student-athletes are provided. Not only are they provided free education to often not
some of the best schools in the country Kentucky's a great school, UConn's a great
school all these schools are great academic schools. So not only are they provided a
great education, but endless resources... Free meals, the classes, the tutoring, the
clothes, the travel. These guys are traveling all over the country and the experience that
they're getting I think is extremely significant and [should] be more looked at because
those schools are driving in millions of dollars, but what about Quinnipiac versus
Hartford? What about Brown versus Bryant? Those are two Division I schools so those
schools don't make millions of dollars in revenue.

While Weidmann doesnt believe Division I student-athletes should be paid, he does

believe the N.C.A.A. has to reform their methods of punishing athletes and let them
defend themselves.

The fact that the N.C.A.A. is its own governing body that doesn't have to apply
American rights to their traditional system is wrong in itself, wrong, he says.
They're a government body that doesn't offer due process. If you do something wrong,
that's it. They don't give you a chance to defend yourself.

For Weidmann, he says the student-athlete experience entirely to him was crucial in his
growth as a person and that when discussing the topic of whether Division I
student-athletes should be paid, he encourages others to research the benefits they get
and factor in the reasons theyre primarily invested in the sport.

"I just think that sports I think that there's so many more benefits to sports that
unfortunately I think in this generation we're not teaching kids enough about where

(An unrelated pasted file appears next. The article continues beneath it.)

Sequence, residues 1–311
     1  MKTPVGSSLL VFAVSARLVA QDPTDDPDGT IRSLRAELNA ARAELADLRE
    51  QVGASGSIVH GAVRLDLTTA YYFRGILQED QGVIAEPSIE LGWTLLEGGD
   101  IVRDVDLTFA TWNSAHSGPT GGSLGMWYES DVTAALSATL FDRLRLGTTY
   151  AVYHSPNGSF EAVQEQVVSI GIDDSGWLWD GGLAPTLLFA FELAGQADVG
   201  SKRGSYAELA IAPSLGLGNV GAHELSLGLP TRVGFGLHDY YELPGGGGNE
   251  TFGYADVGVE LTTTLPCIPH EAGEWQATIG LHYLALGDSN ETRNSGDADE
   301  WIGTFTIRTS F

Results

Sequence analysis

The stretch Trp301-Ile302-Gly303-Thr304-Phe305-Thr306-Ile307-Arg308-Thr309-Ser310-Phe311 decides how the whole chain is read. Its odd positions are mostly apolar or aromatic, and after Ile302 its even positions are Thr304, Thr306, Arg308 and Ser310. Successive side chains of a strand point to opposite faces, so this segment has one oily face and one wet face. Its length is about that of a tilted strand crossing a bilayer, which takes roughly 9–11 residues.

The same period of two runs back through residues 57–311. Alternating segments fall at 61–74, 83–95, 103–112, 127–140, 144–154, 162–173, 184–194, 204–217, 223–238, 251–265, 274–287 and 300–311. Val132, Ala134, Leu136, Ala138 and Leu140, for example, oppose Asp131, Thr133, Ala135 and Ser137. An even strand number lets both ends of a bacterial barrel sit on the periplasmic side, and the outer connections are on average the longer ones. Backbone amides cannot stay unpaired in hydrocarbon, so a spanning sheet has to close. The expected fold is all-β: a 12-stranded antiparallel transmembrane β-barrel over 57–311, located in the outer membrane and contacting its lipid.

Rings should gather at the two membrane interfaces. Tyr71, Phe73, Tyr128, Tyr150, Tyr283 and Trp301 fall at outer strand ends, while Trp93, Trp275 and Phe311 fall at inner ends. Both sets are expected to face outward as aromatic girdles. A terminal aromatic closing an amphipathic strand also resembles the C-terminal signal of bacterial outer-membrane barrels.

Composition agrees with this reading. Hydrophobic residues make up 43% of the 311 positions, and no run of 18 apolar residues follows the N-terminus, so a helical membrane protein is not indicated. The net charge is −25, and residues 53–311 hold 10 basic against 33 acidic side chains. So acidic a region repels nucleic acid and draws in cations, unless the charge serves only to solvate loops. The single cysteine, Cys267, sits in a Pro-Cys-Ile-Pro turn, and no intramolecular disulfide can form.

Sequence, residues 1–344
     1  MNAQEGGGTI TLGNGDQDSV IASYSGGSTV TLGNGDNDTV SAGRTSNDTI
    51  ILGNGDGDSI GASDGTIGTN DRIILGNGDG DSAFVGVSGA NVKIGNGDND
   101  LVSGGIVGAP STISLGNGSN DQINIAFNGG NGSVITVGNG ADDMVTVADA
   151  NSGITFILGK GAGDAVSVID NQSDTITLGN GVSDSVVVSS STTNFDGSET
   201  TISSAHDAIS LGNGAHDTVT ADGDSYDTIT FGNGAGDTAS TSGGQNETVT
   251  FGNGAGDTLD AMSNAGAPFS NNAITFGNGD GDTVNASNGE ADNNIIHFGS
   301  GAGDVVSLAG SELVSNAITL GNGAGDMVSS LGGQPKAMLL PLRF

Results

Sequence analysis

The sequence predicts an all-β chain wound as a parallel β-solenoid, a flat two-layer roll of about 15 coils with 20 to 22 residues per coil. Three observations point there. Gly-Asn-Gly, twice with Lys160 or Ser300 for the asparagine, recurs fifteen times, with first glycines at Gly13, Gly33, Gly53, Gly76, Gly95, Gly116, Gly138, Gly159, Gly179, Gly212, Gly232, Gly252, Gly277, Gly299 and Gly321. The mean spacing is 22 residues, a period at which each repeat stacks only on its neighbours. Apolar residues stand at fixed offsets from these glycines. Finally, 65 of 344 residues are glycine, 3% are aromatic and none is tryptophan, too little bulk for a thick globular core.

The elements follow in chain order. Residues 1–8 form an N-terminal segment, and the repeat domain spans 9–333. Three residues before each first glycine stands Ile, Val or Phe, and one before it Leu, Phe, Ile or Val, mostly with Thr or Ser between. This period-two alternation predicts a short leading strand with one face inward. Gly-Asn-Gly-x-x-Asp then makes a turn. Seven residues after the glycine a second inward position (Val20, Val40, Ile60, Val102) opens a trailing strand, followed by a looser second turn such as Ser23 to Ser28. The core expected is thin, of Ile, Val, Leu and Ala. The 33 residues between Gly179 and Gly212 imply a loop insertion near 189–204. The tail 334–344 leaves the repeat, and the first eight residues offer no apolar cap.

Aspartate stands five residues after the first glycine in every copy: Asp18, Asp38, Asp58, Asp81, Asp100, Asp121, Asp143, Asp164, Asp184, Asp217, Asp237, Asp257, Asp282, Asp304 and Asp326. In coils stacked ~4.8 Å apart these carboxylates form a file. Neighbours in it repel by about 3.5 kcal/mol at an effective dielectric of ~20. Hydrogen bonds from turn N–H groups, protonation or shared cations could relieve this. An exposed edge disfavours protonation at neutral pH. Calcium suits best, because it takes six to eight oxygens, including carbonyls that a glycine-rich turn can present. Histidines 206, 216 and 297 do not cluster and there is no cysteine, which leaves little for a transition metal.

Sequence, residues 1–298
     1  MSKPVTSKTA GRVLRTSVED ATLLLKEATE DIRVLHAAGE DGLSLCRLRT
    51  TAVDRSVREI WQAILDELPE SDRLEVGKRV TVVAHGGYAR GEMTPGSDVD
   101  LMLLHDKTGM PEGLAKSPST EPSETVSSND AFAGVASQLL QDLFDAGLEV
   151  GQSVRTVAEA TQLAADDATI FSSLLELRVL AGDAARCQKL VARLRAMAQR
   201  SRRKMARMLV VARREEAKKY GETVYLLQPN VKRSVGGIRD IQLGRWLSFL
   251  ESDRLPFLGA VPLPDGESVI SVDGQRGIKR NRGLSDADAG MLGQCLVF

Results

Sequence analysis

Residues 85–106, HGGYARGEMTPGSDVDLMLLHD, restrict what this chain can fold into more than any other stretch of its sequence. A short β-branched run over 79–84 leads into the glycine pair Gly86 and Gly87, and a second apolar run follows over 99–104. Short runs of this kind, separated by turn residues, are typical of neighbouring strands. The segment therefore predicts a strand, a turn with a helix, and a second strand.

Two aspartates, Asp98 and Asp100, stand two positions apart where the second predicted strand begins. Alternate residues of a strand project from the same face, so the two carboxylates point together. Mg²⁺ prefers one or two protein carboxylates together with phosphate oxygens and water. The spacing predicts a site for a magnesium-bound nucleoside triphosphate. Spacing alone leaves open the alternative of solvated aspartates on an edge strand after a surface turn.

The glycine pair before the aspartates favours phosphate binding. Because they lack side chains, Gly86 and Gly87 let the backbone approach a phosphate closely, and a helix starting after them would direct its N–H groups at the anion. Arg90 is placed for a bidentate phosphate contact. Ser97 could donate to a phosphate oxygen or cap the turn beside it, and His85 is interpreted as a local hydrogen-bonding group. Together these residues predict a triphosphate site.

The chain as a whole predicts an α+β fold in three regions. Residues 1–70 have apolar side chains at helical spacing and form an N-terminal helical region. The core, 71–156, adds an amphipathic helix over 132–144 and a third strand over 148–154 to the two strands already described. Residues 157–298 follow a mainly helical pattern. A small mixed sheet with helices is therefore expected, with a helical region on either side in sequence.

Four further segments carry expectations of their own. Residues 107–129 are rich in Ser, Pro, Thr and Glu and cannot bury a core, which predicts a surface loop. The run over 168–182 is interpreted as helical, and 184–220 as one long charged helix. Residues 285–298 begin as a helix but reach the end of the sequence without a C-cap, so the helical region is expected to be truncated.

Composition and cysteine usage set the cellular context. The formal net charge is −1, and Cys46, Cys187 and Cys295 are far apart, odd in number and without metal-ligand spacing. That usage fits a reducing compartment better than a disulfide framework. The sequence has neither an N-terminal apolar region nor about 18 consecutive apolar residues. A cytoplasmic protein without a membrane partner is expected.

everything is, Me, me, me. I want, I want, I want. And so, I think now we're seeing all
these kids saying, 'Why should I go play if I'm not getting paid?' Well, it's like you look
back on it it's like, when did that even get into the conversation? You play because you
love it and want to compete at the highest level. That's why you do it... When you get
into the conversation about paying Division I athletes, I think you eliminate the core
value of athletics."

The Final Stretch

Josh Syska stands on the sideline. Hes just picked up his third foul after knocking a guy
to the floor with 12:27 to go in the second half. Connecticut College has turned their
four-point halftime deficit into a four-point advantage, 49-45. Josh wipes his face clean
of sweat with his jersey, then takes a swig of water from a plastic blue and black
Powerade bottle.

Over the next four minutes, a layup, two made free throws and a pair of triples give
RWU a two-point edge, 55-53, with 8:31 to go in the contest. With just over seven to go,
Coene gets to the free-throw line and makes one of two for a three-point advantage. The
next time down the floor, Jaylen Jennings gets a clean look at a 3-pointer and buries it,
giving RWU a six-point edge with 6:36 to go. Two made free throws by Connecticut
College after an RWU foul cut the lead to four, but RWU has heated up from long range
as Nick Marini tees up a three and drills it for a seven-point lead, 62-55, and the Hawk
bench has rose to their feet.

The Camels inbound the ball and head the other way with their ball handler making a
pass to the right corner on the far side of the court. The Camel player drives and is
fouled on his way to the rim. The ref blows his whistle and the buzzer sounds as Josh
checks back in with 5:04 remaining. He takes position under the basket as the Camels
attempt a free throw after the RWU foul. The shot catches the back of the rim and Coene
comes away with the rebound and passes to Marini to get into the offense, hoping to
further extend the lead.

A few quick pases around the perimeter clears space for Marini to drive to the bucket
with his right hand and gets two for a nine-point lead. On the next possession, the
Camels fire a jumper that connects, cutting the lead to seven again, 64-57.

Camels call timeout.

Over the next four and a half minutes, the Hawks end the game with a 15-7 run,
highlighted by solid team defense with Josh at its source. As the final seconds of the
game clock tick down, the home crowd claps as victory is all but a few seconds secured.
Josh stands at center court with his hands on his hips and shares a smile with a
teammate, breaking his usually stern game-face.

In the hallway as the Hawks walk to the locker room, screaming and yelling in
celebration can be heard. For the nonchalant fan back in the gym, it may be difficult to
find the voices source. Others may know right away. One can guess it is probably Josh,
doing what he does best.